Life is constantly in session, whether I am ready for it or not. There is a never ending battle where I fight to gain a sense of control over my life while living with Marfan syndrome. The moment I was born, the doctors diagnosed me due to my physical features of long toes and fingers and my inherent heart complications; I had a mitral valve prolapse and my aorta was dilated.
From an early age I encountered various surgeries, such as dislocated lens and scoliosis correction. My parents were always supportive and reassured me that I was going to be fine; they did not want me to worry nor feel different. However, I did feel different and I was different. I have an older brother who never went to constant doctor visits, his heart wasn’t being monitored, but mine was and I did not understand why. The frustration and confusion that surrounded each surgery and each doctor's visit continued throughout my childhood; Marfan had control of my life. Though I never blamed Marfan nor imagined my life without it, I did feel frustrated as I was often unprepared for the reality of my symptoms.
There were certain activities I was recommended to go “easy” with, but that was not a satisfying answer for me. I had to experience the activity. I had to figure it out for myself. I never did anything extreme where it would damage my heart because I understood that was serious, but I did not like being told to take things easy. I figured that if I had goals and passions then I would have a sense of control.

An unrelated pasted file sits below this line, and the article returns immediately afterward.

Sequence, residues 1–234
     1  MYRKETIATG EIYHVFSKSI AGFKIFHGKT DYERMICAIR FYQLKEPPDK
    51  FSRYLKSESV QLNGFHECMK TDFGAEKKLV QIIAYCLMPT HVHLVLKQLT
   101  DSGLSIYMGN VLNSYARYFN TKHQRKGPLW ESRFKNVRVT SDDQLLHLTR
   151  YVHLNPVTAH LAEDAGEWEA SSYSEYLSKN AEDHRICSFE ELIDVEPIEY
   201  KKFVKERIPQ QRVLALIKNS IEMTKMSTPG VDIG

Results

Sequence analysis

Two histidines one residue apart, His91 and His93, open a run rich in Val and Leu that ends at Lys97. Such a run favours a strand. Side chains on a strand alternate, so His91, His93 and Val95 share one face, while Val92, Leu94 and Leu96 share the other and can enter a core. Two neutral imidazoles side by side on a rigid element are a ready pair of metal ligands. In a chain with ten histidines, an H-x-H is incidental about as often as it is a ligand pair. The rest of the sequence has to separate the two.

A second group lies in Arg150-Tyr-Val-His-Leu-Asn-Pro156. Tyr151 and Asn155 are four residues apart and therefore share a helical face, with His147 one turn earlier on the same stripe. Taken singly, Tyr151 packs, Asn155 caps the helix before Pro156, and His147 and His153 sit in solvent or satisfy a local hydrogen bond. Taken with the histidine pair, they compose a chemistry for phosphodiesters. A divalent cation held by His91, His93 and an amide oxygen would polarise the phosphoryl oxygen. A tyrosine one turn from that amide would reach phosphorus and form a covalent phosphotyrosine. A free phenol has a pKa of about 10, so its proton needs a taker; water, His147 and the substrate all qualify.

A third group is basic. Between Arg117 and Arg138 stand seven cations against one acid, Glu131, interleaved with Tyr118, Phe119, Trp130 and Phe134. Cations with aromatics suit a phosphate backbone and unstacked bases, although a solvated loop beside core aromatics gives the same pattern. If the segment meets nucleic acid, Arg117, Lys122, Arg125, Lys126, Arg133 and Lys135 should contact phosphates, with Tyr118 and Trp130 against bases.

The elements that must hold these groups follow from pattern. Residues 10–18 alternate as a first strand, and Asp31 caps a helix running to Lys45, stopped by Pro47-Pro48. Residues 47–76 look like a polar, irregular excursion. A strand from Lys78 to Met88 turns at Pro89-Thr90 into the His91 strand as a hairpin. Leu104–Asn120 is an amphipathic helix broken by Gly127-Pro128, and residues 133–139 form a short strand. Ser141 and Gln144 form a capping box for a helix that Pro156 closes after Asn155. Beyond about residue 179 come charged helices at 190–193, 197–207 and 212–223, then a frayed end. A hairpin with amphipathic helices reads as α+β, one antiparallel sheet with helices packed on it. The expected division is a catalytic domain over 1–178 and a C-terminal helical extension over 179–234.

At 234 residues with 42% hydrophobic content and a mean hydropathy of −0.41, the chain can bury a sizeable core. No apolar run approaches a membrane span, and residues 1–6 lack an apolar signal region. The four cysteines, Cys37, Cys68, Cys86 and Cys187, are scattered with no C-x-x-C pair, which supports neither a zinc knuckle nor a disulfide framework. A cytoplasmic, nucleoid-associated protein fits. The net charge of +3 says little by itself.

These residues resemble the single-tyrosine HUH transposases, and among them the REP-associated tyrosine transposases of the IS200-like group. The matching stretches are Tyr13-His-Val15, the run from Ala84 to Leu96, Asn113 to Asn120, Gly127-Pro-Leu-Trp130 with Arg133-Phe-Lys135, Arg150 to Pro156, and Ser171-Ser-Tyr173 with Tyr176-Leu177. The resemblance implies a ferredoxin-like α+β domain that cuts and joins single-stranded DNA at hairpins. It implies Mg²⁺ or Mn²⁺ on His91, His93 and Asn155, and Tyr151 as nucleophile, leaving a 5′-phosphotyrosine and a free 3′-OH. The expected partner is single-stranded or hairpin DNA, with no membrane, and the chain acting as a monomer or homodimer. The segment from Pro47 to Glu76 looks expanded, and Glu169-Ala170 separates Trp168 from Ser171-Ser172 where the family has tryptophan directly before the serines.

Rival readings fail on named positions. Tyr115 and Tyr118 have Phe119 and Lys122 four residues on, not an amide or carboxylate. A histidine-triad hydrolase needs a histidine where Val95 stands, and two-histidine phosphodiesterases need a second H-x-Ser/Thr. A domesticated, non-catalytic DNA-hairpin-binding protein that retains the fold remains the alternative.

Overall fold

Little did I know at the time that this is not how life works because life is constantly in session for Marfan and me. I never planned to be home schooled, but I was because I missed so much school because of scoliosis recovery. On top of that, I was being bullied for looking and being different. I had a constant fear of something happening and not being in control.
When I was old enough to go back to school, I felt it was out of my control again. The health complications did not stop, the bullying continued, and frustration built up. I kept pushing myself to achieve more no matter what happened. I pleaded with my cardiologist to have my open heart surgery while I was in high school because I did not want it to affect my college career. I fell into consistent struggle with control and acceptance. I thought that if I could just have some sense of control then I would accept having Marfan. That wasn’t the case. Every time I thought there was a sense of acceptance, it was actually confused for having a sense of control.
When I was 20 years old and in college, I had the option to have an ablation for my arrhythmias. I figured if it could just stop then I would maybe start to accept it. Little did I know, the ablation would be another situation that spiraled out of my control. The surgery “worked” for half of my heart, but not the other chambers. This led to me being ‘blasted” by my ICD six months after the surgery. There were moments where I would cry; I did not want to keep going on. I could not see an end to this constant lack of control over my own life. Even though there was the desire for control, I never “blamed” or “hated” Marfan. Instead I blamed myself for not being able to know my body, for not being able to stay “happy” when things felt like they were going wrong.
College went by with constant challenges. How do I accept that I am legally blind in my left eye? Is it even fair for me to be upset about this? Things could always be worse, right? Still, the desire for control was stopping me from accepting Marfan. I spent two years in therapy talking about my life with Marfan, explaining situations that I never told anyone before. The deepest secrets and questions like how will I be able to truly feel comfortable in my body? By the end of my college career in New York, I applied to graduate schools in California.